Friday. 9 October 2015

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Revealed: Tony Blair’s lobbying for Palestinian telecoms deal

Tony Blair prioritised a lucrative telecoms contract as part of his role as Middle East envoy, a declassified confidential letter reveals. The Palestinian deal for a mobile-telephone network was sought by a company client of JP Morgan, the bank where the former British prime minister was hired as an advisor. But Blair says that he did not know about JP Morgan’s link to the contract.

Commentary: Fallujah remains besieged by decade-long war

Fallujah is still a city under siege. Ten years after the “battle of Fallujah” captured headlines worldwide, the Iraqi city just west of Baghdad faces a continuing bombardment, this time from Iraq’s army rather than American forces. The Iraqi army claims that it is killing militants, but the attacks claim the lives of many civilians, writes one humanitarian worker.

Russia’s EU ambassador ‘warns of intervention beyond Crimea’

BRUSSELS: Russia’s ambassador to the European Union issued a startling warning to other diplomats at a private lunch, Exaro can reveal. Vladimir Chizhov, permanent representative of Russia to the EU, warned that Russia could intervene on behalf of ethnic Russians beyond Crimea – in particular in Estonia and Latvia. Western diplomats and businessmen were taken aback the comments at a private lunch.

Vladimir Putin’s political ally faces ‘raiding’ claims in High Court

Russia’s highest-ranking woman politician faces accusations in the High Court in London of helping to “raid” assets worth more than £300 million. An application to the court to dismiss the accusations has failed. So, the allegations against Valentina Matviyenko – the third most powerful politician in Russia – are set to feature in a trial that is expected later this year.

Commentary: Germany shows up weakness in EU’s governance


Weak governance poses a serious threat to the European Union. The European Commission, the EU’s executive, organised a high-level seminar last week as part of its review of the system of financial supervision across the continent. Why bother though? The fact that Germany’s view is increasingly seen as the only one that matters seems to render such consultations futile, writes a former IMF economist.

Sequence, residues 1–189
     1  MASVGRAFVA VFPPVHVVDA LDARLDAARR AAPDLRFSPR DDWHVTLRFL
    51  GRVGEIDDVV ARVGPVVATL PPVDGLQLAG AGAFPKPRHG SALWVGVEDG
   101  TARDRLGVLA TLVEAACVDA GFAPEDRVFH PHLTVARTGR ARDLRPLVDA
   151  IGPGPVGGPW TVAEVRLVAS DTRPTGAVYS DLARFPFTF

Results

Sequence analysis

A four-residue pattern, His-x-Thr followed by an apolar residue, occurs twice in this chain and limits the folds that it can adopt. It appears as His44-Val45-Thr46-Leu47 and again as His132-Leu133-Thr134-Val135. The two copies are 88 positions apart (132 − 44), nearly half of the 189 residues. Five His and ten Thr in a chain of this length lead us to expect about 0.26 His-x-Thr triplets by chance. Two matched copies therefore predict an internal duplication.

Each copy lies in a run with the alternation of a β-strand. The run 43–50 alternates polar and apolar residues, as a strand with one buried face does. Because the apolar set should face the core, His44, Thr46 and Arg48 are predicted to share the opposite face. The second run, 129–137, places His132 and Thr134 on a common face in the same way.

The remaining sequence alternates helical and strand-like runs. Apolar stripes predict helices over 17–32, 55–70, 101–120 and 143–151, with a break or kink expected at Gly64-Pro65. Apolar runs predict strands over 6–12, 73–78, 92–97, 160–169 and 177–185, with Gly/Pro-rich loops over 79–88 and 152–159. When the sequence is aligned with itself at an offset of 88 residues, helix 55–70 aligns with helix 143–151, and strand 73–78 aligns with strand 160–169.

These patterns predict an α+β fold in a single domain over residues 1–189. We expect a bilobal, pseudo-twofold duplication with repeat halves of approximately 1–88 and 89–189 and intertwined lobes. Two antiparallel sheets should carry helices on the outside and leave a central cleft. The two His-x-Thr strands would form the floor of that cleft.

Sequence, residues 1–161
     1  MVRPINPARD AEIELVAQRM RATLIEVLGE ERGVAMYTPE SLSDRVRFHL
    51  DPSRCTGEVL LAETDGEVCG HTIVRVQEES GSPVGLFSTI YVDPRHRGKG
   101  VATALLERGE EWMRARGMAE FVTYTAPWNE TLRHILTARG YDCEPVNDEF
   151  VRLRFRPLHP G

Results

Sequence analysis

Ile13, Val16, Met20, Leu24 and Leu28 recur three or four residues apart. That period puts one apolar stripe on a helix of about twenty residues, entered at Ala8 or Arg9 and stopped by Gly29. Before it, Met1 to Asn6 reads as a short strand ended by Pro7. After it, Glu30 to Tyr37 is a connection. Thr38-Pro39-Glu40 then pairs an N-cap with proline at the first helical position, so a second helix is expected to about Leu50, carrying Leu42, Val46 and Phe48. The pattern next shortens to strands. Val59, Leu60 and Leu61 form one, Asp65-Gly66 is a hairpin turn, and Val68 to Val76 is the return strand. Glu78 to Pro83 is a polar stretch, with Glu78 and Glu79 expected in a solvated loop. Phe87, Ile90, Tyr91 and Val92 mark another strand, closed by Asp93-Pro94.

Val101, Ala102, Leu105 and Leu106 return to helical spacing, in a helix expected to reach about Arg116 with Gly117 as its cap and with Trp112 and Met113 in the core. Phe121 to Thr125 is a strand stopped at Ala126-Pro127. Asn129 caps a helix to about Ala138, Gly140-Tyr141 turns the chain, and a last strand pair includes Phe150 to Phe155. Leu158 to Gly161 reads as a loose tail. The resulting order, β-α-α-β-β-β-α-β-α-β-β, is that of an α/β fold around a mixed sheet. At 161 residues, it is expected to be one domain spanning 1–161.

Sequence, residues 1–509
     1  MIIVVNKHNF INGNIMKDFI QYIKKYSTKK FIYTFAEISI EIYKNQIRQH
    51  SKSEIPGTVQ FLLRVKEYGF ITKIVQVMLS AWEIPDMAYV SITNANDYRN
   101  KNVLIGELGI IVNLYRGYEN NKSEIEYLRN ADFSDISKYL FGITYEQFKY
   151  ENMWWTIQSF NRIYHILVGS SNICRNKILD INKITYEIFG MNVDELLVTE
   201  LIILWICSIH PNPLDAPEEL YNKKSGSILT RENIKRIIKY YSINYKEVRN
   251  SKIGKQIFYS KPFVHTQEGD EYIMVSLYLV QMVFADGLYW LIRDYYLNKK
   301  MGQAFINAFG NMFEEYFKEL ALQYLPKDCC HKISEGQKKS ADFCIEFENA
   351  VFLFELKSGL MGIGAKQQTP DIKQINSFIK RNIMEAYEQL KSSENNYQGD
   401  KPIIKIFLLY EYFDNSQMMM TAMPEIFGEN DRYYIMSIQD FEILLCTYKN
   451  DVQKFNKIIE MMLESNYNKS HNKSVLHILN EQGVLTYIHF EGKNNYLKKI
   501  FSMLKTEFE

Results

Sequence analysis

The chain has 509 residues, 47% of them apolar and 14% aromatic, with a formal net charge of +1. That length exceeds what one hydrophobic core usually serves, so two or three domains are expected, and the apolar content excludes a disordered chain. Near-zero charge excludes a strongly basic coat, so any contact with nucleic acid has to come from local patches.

Revealed: how Libya distributes cash in aftermath of conflict


This is how Libya distributes cash around the country. A Libyan teenager poses proudly next to currency worth more than £1 million that, he says, he was told by the interim government to distribute. Abd El Khader sits on a sofa with two million Libyan dinars in a picture that illustrates problems posed by the collapse of the country’s banking system.

Missing: $1bn ‘unaccounted for’ in aftermath of Libyan conflict


Libya’s government is unable to account for unfrozen assets of $1 billion, according to documents leaked to Exaro. The reports show that the funds may have gone missing. The money was due to be paid to public-sector workers in Libya. In addition, the documents reveal that at least $3.5 million failed to reach victims of the conflict.

Egypt’s troubled dates with destiny herald fresh street protests


CAIRO: Egyptians love their dates. The eight-lane highway – known as “the spine of Cairo” – that runs from the business district of Egypt’s capital towards the ancient pyramids crosses the Nile over the ‘6 October Bridge’. The date marks the day when Egypt invaded Israeli territory in 1973. Egypt faces more troubled dates ahead as its main opposition says that it will boycott parliamentary elections.

Tunisia has tense freedom two years after sparking ‘Arab Spring’


TUNIS: Young Tunisians are taking to the streets again two years after what became known as the “Arab Spring” was triggered in this country. Mohammed Bouazizi, a young fruit and vegetable seller, set himself on fire in southern Tunisia two years ago today, after a row about a licence for a market stall. Exaro assesses the mood today of the fledgling democracy in north Africa.

Analysis: why ‘Arab Spring’ is making oil-rich Abu Dhabi twitchy


ABU DHABI: Managers at Emirates, the largest airline in the Middle East, like to tell a crude joke about Arabs working for them. Crude as it is, the joke nonetheless betrays a deep unease in the country in which the airline is based, the United Arab Emirates (UAE). And it helps explain why the Arab uprising is yet to reach this place.


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